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SPRINGFIELD — A Senate panel began considering legislation Wednesday designed to tighten state laws for parents who fail to report missing children.

The proposal debated by the Senate Criminal Law Committee comes in reaction to a Florida jury’s acquittal in July of Casey Anthony, who was facing charges in the death of her daughter, Caylee.

The case, which was covered extensively in the media, triggered a number of states to begin investigating ways to legally punish parents who fail to report a missing child within a reasonable amount of time.

The proposal sponsored by Sen. Ira Silverstein, D-Chicago, would make it a Class 3 felony — punishable by up to five years in prison — if a parent or guardian of a child age 12 or under fails to notify police in a timely manner if the child is missing or in potential danger of death or serious injury.

The committee delayed action on the proposal after Steve Baker of the Cook County Public Defender’s Office raised concerns that some of the language of the legislation is unconstitutionally vague.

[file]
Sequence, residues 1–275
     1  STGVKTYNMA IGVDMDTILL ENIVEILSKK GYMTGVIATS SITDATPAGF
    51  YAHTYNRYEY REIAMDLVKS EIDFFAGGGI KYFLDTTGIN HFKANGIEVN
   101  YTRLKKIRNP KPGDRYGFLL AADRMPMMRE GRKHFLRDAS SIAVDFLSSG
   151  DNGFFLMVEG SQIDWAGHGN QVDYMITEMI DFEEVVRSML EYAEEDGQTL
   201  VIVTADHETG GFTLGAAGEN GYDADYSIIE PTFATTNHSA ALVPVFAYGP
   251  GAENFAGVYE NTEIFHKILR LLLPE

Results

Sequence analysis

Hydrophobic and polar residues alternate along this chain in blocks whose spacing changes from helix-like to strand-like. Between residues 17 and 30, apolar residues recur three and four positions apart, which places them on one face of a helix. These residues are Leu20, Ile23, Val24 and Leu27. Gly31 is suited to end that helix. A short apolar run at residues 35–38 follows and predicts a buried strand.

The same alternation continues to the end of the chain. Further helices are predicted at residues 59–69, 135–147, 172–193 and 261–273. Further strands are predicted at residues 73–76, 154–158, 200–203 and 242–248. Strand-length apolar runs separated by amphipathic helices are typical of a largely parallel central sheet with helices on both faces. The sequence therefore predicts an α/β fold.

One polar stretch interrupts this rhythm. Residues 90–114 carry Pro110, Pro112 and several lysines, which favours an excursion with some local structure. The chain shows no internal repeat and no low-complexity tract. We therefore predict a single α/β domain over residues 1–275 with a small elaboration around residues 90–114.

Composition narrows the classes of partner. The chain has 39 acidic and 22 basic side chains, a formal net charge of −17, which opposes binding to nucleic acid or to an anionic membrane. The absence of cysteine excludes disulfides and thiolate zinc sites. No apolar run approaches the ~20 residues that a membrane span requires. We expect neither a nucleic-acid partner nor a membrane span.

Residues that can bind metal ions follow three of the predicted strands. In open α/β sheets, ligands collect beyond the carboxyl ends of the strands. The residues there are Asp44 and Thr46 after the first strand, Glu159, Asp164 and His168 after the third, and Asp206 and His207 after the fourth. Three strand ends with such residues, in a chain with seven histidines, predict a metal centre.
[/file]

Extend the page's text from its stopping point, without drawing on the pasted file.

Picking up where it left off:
Sen. Tom Johnson, R-West Chicago, also raised questions about whether the maximum penalties should be lessened.

Sen. Bill Haine, D-Alton, mocked the proposal, suggesting that the alleged crime was overblown simply because the “talking heads on TV” disagreed with the Florida jury’s not-guilty verdict.

Silverstein said he would bring the measure back to the panel after further changes are negotiated.

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“I’m just trying to sharpen it up,” Silverstein said.

The proposal in Illinois mirrors efforts in several other states, including Nebraska, Florida, Maryland, New Hampshire, Wisconsin and Ohio. The legislation is Senate Bill 2537.

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